Welcome to the ODAC Newsletter, a weekly roundup from the Oil Depletion Analysis Centre, the UK registered charity dedicated to raising awareness of peak oil.

In a week which saw another record oil price of $139.89, there is much global interest resting on a meeting called by the Saudi King to be held in Jeddah on Sunday. The fact that the Saudis have determined to call this meeting unilaterally, would indicate that they are feeling the pressure. The Saudi Royal Family is entirely dependent on oil for its survival. Demand destruction amongst its key allies is not in its interests and winning new friends in the growing economies clearly is. Continued unrest over fuel prices around the world certainly has world leaders hoping that the Saudis have more than words of sympathy on offer, although so far the markets have remained largely unmoved by the various rumours of an impending announcement of a boost in output.

Gordon Brown will be going to Jeddah. Here is a man who is looking for good news after an annual banquet at the Mansion House, which must have been harder than usual to swallow. Both Mervyn King of the Bank of England and the Chancellor, Alastair Darling blamed the outside factors of rising fuel and food prices for above target UK inflation and a downbeat economic outlook. Both however share an optimism that things will be back on track soon. The Conservative leader David Cameron meanwhile also made a speech this week addressing economic downturn, in which he promised that the Conservatives would pursue green policies despite it. While this was encouraging and eye catching, as things stand, both parties are attempting to manage increasing energy insecurity and be green while governing the economy in a ‘business as usual’ mode. The fact that actual reduction in energy usage will be required and the incompatibility of this with an economy driven by consumption remains entirely unaddressed.

In the world’s biggest oil guzzling economy, the race for the White House is on and energy policy is high on the agenda. The candidates clashed this week over renewables and whether their expansion should be government funded. McCain came out against this kind of government intervention into the market. Whichever view you take, if Alan Greenspan, or more recently Brigadier-General James Ellory, are right and the Iraq War was all about oil, then any amount of money invested by the government in renewables would be a drop in the ocean compared to that invested in oil.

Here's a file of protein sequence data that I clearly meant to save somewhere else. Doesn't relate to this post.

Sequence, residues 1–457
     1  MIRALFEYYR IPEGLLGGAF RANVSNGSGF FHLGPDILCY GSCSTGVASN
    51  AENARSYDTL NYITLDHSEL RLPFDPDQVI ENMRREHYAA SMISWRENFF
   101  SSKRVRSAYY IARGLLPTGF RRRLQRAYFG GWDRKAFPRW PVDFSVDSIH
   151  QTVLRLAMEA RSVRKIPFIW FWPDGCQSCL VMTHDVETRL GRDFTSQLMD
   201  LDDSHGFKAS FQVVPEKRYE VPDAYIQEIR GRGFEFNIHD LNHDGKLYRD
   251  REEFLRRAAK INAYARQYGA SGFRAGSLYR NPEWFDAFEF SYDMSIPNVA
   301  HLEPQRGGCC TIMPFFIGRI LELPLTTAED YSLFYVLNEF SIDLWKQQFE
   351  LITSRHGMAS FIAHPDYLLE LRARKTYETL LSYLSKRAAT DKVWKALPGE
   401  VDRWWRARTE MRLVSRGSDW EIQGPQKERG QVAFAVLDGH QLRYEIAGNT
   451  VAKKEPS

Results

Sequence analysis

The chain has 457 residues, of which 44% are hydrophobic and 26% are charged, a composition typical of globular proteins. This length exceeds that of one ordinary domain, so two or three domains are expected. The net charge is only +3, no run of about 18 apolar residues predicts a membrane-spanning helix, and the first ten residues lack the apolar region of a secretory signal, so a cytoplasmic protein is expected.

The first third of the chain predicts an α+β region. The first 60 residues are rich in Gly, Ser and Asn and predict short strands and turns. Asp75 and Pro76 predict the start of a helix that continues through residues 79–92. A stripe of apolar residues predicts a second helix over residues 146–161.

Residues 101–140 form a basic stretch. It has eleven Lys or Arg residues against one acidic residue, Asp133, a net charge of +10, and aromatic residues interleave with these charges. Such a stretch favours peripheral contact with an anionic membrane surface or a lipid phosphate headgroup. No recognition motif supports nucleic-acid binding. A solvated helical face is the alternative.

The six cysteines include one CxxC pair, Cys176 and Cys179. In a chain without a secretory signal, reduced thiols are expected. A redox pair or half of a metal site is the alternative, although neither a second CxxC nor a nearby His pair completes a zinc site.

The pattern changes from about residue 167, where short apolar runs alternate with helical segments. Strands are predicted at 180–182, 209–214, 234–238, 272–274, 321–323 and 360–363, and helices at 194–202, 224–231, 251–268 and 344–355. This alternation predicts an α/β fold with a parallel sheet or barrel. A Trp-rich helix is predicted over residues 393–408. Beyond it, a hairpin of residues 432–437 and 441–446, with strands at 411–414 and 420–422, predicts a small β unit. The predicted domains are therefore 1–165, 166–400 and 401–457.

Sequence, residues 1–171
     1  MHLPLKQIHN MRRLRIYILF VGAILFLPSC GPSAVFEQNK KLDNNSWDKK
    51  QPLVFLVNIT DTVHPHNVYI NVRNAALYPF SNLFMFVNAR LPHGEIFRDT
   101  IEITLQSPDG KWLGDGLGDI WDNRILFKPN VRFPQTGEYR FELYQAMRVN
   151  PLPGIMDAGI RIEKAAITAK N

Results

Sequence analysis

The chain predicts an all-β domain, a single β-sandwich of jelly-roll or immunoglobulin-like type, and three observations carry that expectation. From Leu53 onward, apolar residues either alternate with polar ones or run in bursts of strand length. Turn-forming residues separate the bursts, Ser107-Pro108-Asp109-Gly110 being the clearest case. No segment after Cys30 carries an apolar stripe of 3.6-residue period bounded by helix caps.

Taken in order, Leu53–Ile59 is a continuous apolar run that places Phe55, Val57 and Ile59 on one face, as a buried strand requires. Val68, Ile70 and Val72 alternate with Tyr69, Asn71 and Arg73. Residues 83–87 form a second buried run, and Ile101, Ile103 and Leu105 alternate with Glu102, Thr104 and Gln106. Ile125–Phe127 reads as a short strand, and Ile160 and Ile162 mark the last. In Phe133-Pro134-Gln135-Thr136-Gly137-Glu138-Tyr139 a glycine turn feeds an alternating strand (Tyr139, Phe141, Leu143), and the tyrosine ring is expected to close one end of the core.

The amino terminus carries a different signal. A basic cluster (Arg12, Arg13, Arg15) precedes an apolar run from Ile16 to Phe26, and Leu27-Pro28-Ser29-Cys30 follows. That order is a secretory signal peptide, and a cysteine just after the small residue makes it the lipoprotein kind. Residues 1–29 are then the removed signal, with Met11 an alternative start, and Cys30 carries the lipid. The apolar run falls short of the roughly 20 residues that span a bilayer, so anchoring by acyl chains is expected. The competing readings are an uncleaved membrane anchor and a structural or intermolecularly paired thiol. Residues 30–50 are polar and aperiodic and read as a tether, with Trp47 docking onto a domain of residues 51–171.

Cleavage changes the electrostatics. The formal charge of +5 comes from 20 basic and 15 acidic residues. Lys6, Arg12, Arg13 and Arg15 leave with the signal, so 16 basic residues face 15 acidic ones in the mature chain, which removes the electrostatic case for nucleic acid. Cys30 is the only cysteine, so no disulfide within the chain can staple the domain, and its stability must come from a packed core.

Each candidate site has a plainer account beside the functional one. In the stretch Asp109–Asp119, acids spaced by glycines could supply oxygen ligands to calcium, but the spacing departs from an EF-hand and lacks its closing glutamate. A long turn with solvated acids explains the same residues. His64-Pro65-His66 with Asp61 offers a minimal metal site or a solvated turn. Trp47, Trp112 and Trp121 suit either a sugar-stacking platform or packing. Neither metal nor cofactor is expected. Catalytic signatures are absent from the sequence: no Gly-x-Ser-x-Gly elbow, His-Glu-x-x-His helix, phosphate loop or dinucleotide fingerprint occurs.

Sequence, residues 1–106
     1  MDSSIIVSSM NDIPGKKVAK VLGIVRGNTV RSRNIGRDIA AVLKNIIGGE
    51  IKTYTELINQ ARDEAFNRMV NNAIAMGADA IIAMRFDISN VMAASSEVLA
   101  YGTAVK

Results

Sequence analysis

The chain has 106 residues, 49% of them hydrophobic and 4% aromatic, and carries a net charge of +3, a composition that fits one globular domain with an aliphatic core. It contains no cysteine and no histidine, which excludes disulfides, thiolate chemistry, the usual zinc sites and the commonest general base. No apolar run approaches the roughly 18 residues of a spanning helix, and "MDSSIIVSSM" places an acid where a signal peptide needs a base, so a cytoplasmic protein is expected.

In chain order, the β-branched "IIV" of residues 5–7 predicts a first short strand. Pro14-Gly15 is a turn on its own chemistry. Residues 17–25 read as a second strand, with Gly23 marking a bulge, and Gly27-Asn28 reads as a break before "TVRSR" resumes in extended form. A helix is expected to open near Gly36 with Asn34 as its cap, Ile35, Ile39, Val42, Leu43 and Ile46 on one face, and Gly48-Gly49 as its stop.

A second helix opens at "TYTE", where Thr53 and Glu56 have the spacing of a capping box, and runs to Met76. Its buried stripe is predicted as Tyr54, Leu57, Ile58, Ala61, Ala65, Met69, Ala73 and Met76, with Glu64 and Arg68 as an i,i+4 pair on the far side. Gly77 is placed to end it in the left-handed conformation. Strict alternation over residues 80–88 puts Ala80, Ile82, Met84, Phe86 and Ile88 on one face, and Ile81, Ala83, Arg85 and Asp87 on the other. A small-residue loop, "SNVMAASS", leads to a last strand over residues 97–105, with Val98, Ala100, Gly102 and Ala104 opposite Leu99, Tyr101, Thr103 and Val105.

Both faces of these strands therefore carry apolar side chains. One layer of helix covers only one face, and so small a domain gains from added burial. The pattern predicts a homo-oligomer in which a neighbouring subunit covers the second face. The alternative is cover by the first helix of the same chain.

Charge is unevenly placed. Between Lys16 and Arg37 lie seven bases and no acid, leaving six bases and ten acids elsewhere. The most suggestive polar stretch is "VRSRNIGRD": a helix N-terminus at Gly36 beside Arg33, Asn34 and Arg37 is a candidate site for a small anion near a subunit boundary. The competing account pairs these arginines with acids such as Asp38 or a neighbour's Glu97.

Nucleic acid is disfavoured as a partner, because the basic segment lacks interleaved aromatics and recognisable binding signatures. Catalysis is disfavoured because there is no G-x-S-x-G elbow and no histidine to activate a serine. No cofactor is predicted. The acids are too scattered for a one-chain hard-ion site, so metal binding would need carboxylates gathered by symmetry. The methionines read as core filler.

The candidates also differ in their stance on opening up off-shore drilling rights. Hopefully Obama’s comment that “This is not something that’s going to give consumers short-term relief and it is not a long-term solution to our problems with fossil fuels generally and oil in particular“ can open up an informed debate on energy constraints and prevent reflex reactions. In the meantime we can take comfort from the fact that Senator McCain wants to save the environment for hunting, fishing and the enjoyment of national treasures. Good to know that the environment, at least as a playground, is safe in his hands.

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Riyadh set to test power to move market
Bush doesn’t expect oil output boost at Saudi meeting
Four oil majors return to Iraq
World crude capacity peaked at 85 million bpd: Pickens

North America
Shooting the moon on renewables
Bush calls for offshore drilling
Obama on oil drilling: ‘Not a long-term solution’
McCain Plans to Add 100 U.S. Nuclear Reactors, Invest in Coal
Ethanol output faces sharp cuts

South Korean Truckers’ Strike Costs $6.57 Billion in Lost Trade
Petrol crisis: Deal agreed to end fuel tanker drivers’ strike
Fuel protesters target Brussels

Bank of England’s Mervyn King warns wages will stagnate and house prices will fall
Green agenda still key – Cameron
E.ON CEO says no new UK nuclear plants before 2018
Marks & Spencer boss says oil price is hitting out-of-town retail